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Keeping Score On Communities 


In the first few months of 2012, several economic indicators seem to point to sustainable growth. Some corporations, which have been sitting on cash, are moving forward with expansion plans or at least exploring the possibility of adding new operations.

As your company begins researching prospective business locations you will find that free online data is abundant. In fact, it can make for an overwhelming process when researching prospective communities. What data sources and sets are the most important when researching business destinations? Do community rankings or indicators matter? Where do social media sites figure into the research?

A panel of veteran site selection consultants discloses insights to these questions, as well as innovative approaches communities are executing to attract your attention.

Global Corporate Xpansion: What are the most important data sets to consider when reviewing local markets and trends?

Didi Caldwell: County business patterns for employment and number of companies in particular sectors; census data for population statistics, educational attainment, income levels, etc.; company listings like www.manta.com to find where particular activities are taking place (wet corn mills for example).

Brian Corde: Population, demographics, wage rates, unemployment rate, taxes, vacancy rates, propensity for natural disasters, climate and quality of life.

Jay Garner: We use our own data analysis using labor and wage data, workforce patterns, cost data, etc.

Mark Sweeney: We use secondary source information, much of it U.S. Census based, in our in-house GIS screening (labor, demographics, transportation, education, some utility info, etc.). We use locally sourced information once areas of interest and candidate locations have been identified.

Joe Vranich: To varying degrees I use www.ZoomProspector.com, www.SpatialMatch.com, Tax Foundation, ACCRA, U.S. Census Bureau, FBI, Official Airline Guide, FAA, NOAA, and information posted by state and local economic development agencies. Once we are past the initial stage, I turn site selection over to site selection companies that subscribe to a number of databases.

GCX: Where do community rankings or indicators fit into the research? How about social media sites, especially those posting as to why they like or dislike a community they are living and/or working in?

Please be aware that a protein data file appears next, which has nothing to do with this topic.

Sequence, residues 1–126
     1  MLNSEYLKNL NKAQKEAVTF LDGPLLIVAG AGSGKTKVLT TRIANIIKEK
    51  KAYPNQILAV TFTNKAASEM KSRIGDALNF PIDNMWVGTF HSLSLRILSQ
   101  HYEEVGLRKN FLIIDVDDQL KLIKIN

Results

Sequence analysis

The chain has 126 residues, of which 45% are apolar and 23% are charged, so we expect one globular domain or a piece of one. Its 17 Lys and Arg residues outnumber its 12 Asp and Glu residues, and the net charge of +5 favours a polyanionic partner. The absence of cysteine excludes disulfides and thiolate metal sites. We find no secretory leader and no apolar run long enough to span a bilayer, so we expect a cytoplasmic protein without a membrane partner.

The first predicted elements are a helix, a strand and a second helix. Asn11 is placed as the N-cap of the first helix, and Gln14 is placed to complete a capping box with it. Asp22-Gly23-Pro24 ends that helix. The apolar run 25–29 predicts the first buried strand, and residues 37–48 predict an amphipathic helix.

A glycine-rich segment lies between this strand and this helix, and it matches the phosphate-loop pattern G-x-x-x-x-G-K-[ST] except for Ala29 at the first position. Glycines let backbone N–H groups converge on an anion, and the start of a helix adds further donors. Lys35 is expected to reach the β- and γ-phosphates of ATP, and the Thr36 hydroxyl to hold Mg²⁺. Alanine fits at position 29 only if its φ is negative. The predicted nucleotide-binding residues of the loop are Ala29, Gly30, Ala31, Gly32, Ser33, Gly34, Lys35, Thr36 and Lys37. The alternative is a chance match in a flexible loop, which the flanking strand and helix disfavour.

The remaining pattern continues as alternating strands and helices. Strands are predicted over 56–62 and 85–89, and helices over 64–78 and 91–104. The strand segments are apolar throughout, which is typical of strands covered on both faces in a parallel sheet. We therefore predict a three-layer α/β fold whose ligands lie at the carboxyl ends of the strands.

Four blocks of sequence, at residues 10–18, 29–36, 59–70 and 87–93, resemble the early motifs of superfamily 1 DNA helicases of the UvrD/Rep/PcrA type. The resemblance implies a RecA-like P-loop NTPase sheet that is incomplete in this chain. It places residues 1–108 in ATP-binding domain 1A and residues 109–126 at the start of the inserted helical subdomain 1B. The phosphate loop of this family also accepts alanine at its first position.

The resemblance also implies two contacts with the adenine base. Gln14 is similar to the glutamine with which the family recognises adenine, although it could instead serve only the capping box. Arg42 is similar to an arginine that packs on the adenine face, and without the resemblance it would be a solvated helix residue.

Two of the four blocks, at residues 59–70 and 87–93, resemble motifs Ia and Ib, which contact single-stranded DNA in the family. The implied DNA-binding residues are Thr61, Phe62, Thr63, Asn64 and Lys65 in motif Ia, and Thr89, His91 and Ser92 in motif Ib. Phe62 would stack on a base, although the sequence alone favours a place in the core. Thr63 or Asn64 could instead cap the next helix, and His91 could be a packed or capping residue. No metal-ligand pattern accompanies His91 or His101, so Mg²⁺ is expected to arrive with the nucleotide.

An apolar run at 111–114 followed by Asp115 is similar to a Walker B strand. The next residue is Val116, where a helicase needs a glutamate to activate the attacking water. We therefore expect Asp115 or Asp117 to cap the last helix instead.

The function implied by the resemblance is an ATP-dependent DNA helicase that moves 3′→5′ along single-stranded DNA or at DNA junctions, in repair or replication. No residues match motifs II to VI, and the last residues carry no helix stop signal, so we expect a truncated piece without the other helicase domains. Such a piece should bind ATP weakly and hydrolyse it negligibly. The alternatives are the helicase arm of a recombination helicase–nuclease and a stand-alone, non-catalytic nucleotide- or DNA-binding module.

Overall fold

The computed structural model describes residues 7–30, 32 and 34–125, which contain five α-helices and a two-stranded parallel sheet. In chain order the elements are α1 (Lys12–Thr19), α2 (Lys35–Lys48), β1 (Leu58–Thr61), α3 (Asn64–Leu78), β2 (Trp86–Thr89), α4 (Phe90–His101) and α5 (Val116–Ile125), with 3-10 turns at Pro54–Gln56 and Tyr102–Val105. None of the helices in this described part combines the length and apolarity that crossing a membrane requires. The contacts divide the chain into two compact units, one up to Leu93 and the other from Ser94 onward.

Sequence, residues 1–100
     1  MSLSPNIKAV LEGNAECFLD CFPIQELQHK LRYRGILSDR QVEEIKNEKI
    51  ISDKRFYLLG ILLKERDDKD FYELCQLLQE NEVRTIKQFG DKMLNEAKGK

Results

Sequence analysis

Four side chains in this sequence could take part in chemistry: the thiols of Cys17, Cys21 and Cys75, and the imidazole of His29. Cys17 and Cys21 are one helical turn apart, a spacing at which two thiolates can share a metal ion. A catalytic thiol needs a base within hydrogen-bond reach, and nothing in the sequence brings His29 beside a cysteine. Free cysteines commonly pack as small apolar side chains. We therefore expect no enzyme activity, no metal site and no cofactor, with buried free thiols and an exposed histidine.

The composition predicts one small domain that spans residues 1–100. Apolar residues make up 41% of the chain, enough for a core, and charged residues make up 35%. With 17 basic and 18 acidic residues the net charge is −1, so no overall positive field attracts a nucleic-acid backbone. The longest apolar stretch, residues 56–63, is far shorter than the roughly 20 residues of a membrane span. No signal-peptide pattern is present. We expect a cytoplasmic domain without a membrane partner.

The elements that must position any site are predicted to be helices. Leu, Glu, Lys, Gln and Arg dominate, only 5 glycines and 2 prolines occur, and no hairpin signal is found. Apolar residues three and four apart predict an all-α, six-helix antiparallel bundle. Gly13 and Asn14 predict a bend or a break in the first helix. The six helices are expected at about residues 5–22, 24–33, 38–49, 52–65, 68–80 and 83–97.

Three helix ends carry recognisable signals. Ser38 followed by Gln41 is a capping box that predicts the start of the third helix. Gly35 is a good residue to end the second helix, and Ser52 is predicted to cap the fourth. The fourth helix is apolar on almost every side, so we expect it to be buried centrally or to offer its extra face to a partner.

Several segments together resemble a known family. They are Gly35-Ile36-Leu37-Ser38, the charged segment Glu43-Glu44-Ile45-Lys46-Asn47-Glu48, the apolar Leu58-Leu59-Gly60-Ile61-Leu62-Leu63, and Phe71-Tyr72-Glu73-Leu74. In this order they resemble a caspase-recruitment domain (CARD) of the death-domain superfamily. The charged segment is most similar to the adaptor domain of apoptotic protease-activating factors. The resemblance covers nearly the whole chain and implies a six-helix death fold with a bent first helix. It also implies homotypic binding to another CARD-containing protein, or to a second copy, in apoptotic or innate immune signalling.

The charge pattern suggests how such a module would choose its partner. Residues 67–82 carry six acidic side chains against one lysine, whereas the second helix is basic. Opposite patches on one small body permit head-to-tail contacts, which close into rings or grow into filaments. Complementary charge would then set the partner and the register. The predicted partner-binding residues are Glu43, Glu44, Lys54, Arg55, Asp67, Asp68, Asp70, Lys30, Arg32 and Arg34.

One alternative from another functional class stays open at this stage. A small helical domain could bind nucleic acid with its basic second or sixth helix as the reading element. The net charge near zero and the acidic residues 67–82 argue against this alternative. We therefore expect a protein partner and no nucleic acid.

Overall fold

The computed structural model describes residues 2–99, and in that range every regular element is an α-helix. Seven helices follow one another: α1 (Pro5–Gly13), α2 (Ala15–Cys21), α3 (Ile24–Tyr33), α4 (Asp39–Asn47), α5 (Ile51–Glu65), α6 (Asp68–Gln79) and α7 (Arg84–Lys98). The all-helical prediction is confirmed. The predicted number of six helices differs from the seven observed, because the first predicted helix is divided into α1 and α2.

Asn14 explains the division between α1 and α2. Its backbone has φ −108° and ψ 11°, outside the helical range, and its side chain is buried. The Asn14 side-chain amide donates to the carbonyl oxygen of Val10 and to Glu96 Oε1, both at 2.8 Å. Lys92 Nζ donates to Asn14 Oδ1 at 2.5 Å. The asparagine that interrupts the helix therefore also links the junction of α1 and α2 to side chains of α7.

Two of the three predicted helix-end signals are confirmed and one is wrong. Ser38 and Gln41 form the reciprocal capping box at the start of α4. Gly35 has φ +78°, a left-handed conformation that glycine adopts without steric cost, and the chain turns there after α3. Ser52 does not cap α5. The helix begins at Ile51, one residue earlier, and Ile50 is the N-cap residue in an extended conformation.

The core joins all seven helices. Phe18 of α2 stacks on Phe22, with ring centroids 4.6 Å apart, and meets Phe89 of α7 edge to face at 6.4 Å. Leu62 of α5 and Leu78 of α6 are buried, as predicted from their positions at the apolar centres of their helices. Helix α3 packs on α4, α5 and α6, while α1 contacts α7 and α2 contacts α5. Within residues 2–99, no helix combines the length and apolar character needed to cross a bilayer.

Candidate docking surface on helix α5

Caldwell: Community rankings are interesting, but not a part of our analysis. Social media sites are not important for us in analyzing a community. We have face-to-face meetings with business and political leaders in communities that are short listed. This is where we get the information about how the community is working (or not working) together for the advancement of economic development.

Corde: Very rarely do these [components] factor into the decisions. Sometimes for tax comparisons we will use an outside ranking for determining overall tax burden.

Garner: We will not use social media in our searches. We do look at each region’s and communities Web sites and we do read the newspapers online to review issues of concern.

Sweeney: Rankings and indicators are not used much at all, although because of their profile they often have to be addressed due to client exposure to them. Social media sites with community commentary are rarely used by MSC, although that is likely to evolve in the future.

Vranich: I find social media sites to be of little value because so many postings are hugely subjective in nature.

GCX: What will automatically weed out communities during the site search process?

Caldwell: We try to get past the lack of information because we are often looking for sites that are hard to find. So, if the information is not there, we need to push hard to get it. However, a lack of or lackluster response from economic developers doesn’t help. Presenting inaccurate information will automatically weed out a site. And if communities do not submit an RFP, even if it is incomplete, we can’t consider the site.

Corde: The inability to respond quickly and accurately. Limited local information on similar businesses in the area. Also, the lack of contact information on the Web.

Garner: Not returning phone calls, or completing our community questionnaire, or not having the appropriate site or building we may need.

Sweeney: At MSC there are few “automatic” disqualifiers that are not tied to the project; i.e., not having a site that meets the project’s needs. Lack of stats or a crummy Web site won’t help a community, but would not automatically disqualify them.

Vranich: What will automatically weed out communities is a high crime rate, poor domestic or poor international air service, or a forced-unionism state that has a history of being harsh on certain industries such as aerospace and manufacturing.

GCX: What information posted at these sites is most useful and pertinent to a site search?

Caldwell: We occasionally use economic development Web sites to look for sites or get a feel for what is out there. For us, site specific information that includes details about utilities, not just that they exist, but explains source, capacity, excess capacity, etc., is very helpful.

Corde: Incentive frameworks, availability of buildings and/or sites and existing industry profiles.

Garner: Sites and buildings.

Sweeney: Local information that cannot be obtained elsewhere — sites, buildings, infrastructure, detailed employer and labor data, education, housing, etc. Local taxes and incentive information is important.

Vranich: What I am looking for varies greatly when I go to such sites. In one case it may be the types of university research facilities in that location. In another case it could be accessibility to rail service or a port. Still another could be average housing costs.

GCX: Outline the leading criteria when conducting a corporate site search, and a bit about why they are essential. Provide an example for a manufacturing or distribution operation; or an example for an IT related or financial services project.